End Function
Public Shared Sub SetTracksKeyboardLanguage(ByVal d As DependencyObject, ByVal value As Boolean)
    d.SetValue(TracksKeyboardLanguageProperty, value)
End Sub
Private Shared Sub OnTracksKeyboardLanguageChanged(ByVal d As DependencyObject, ByVal e As DependencyPropertyChangedEventArgs)
    If TypeOf d Is RichTextBox Then
        Dim b As RichTextBox = d
        If CBool(e.OldValue) Then
            RemoveHandler b.SelectionChanged, AddressOf OnSelectionChanged
        End If
        If CBool(e.NewValue) Then
            AddHandler b.SelectionChanged, AddressOf OnSelectionChanged
        End If
    End If
End Sub

Private Shared Sub OnSelectionChanged(ByVal sender As Object, ByVal e As RoutedEventArgs)
    Dim b As RichTextBox = sender
    Dim f As FrameworkContentElement = TryCast(b.Selection.Start.Parent, FrameworkContentElement)
    If f IsNot Nothing Then
        Dim tag As String = GetKeyboardLanguage(f)
        If Not String.IsNullOrEmpty(tag) Then
            If Not InputLanguageManager.Current.CurrentInputLanguage.IetfLanguageTag.ToUpper.StartsWith(tag.ToUpper) Then
                InputLanguageManager.Current.CurrentInputLanguage = FindKeyboardLanguage(tag)
            End If
        End If
    End If
    e.Handled = False
End Sub

 

It is always wise to make these event handlers static, so that they don’t create any references which could keep the control from being freed. Setting e.Handled to false makes sure that the RichTextBox still can accept other handlers for the SelectionChanged event.

Downloading the Example

The WPFGluePublished solution on the Downloads page contains a project called KeyboardLanguageExample which demonstrates the use of the KeyboardLanguage and TracksKeyboardLanguage properties. This example assumes that you have German, Arabic and English installed as Input languages on your computer. If you don’t have any additional keyboards installed, you can do so using the Regional and Language Options control panel in Windows.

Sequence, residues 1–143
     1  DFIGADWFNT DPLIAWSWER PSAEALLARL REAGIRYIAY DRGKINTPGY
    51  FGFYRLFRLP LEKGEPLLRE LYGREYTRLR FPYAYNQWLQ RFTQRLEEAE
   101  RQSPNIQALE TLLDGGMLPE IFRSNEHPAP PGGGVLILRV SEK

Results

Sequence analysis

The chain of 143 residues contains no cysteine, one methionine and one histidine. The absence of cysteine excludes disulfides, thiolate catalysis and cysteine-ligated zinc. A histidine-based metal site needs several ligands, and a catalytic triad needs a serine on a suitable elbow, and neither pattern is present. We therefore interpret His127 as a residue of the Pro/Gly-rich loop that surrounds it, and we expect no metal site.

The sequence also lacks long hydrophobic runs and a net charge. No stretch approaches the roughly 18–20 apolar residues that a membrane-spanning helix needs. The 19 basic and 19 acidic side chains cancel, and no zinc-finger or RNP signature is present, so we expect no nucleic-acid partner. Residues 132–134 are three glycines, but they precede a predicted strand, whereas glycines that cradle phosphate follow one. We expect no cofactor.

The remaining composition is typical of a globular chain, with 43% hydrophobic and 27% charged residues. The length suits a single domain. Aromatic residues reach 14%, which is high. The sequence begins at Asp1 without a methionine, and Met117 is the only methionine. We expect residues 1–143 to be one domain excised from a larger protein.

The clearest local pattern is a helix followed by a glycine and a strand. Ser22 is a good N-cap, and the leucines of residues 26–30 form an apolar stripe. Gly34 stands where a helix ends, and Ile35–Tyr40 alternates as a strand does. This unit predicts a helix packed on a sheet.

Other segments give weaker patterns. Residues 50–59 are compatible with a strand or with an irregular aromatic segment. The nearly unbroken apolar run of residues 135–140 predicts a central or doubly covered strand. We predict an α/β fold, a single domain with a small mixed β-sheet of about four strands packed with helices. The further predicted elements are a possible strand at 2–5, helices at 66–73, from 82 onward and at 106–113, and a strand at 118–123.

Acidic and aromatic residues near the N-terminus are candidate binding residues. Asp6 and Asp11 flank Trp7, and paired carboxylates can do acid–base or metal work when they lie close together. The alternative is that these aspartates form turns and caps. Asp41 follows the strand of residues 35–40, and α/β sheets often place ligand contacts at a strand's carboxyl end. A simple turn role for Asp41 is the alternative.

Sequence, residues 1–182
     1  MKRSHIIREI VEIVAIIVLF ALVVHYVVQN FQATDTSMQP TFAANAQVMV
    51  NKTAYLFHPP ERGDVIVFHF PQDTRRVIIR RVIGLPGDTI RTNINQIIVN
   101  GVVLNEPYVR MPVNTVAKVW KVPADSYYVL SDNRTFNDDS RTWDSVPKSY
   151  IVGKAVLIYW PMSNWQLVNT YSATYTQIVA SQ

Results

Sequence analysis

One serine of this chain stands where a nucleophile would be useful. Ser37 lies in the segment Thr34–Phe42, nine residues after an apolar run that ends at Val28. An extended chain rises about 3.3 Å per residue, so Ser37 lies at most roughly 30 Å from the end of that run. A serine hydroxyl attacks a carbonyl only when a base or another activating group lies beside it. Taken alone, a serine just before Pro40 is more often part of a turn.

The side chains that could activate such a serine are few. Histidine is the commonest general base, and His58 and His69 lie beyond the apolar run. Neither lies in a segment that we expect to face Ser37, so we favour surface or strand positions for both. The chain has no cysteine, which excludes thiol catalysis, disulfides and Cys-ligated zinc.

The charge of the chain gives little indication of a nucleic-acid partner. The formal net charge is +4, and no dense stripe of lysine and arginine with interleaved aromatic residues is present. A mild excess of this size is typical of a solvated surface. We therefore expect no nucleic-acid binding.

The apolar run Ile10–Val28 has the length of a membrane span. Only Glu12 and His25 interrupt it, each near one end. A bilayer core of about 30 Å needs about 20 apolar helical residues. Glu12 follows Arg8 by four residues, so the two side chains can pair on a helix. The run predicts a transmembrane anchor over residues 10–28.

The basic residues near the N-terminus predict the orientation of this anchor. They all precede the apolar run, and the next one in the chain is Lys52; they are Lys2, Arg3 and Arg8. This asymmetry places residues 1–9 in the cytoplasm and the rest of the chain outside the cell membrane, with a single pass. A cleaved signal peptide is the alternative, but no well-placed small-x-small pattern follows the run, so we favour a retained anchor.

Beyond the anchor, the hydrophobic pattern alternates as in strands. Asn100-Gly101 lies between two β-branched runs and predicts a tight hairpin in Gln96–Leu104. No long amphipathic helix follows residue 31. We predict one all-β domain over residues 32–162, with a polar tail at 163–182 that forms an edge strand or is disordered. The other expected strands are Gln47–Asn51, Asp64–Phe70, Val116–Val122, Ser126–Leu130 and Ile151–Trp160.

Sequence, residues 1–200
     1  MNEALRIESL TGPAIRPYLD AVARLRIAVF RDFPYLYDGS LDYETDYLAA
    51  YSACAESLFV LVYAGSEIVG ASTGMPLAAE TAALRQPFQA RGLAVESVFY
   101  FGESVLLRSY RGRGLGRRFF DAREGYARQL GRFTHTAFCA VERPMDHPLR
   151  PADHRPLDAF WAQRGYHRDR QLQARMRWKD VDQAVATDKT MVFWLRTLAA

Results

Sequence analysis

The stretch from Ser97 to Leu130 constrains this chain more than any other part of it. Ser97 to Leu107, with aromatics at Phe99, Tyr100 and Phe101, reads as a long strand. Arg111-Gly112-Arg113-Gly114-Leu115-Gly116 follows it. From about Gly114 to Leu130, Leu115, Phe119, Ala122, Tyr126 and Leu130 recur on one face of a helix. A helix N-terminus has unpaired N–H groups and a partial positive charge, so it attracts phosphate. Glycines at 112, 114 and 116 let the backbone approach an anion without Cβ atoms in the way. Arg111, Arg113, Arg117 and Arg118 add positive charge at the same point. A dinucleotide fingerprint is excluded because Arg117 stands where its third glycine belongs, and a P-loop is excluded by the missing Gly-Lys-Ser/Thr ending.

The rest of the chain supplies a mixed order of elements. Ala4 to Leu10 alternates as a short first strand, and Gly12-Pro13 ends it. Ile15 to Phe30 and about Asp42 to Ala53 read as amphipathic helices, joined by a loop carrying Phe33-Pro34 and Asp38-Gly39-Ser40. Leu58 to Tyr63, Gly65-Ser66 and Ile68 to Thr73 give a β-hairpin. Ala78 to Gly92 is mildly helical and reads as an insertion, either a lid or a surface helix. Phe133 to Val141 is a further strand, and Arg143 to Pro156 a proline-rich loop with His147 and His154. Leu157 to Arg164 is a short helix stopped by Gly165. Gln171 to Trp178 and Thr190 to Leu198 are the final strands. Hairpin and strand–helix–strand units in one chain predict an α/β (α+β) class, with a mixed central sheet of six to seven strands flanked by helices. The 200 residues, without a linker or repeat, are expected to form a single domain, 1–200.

New Sticky Star Award: Selectors and attached behaviours

November 14, 2009 Leave a comment

I just awarded 5 Sticky Stars to Zoodazzle, a user in the MSDN WPF forum who published a way of making one item only selected across a group of selector controls in a WPF form. He uses an attached (or sticky) behaviour for this and can have several groups of selectors on the same page… really elegant solution.

Look at this thread: Selectors and attached behaviours.5StickyStars

 

See the Sticky Star Awardees page for more links to great solutions out there.

Categories: Uncategorized Tags:

Implementing the Sticky Command Design Pattern

November 12, 2009 2 comments

The Sticky Command design pattern is one of the patterns in WPFGlue which allow to add custom functionality to out-of-the-box WPF controls. Adding a Sticky Command to a FrameworkElement gives it a certain new behaviour, and makes this behaviour available to the element and all its child elements through a routed command, while the implementation of the element remains separate and independent of the implementation of the behaviour.

Let’s take an example. A very common need in data oriented applications is a submit command which sends the values of a group of controls to the underlying data store. This command should be disabled when the data is invalid, and it should be possible to connect it to a KeyGesture which allows to call the command by pressing a given key when entering data.

<GroupBox x:Name="CustomerGroupBox" Header="Customer"
          v:Submit.Command="{StaticResource SubmitCommand}"
          v:Submit.KeyGesture="Enter"> <!—- Content left out for clarity -->
</GroupBox>

The Sticky Command is stuck to the GroupBox by setting the Submit.Command Sticky Property. Optionally, one can add a KeyGesture which invokes the command, in this case pressing the Enter key. The SubmitCommand is just a standard RoutedCommand:

<Window.Resources>
    <RoutedCommand x:Key="SubmitCommand"/>
</Window.Resources>

By itself it doesn’t provide any functionality; it’s just kind of an identifier for the behaviour we want to add to the GroupBox.

Creating a Sticky Property

A Sticky Property is an attached property that, in addition to storing a value on the target element, does some work in its PropertyChanged handler. In our case, this work consists of creating a CommandBinding and setting it on the target element, or removing the created CommandBinding, respectively.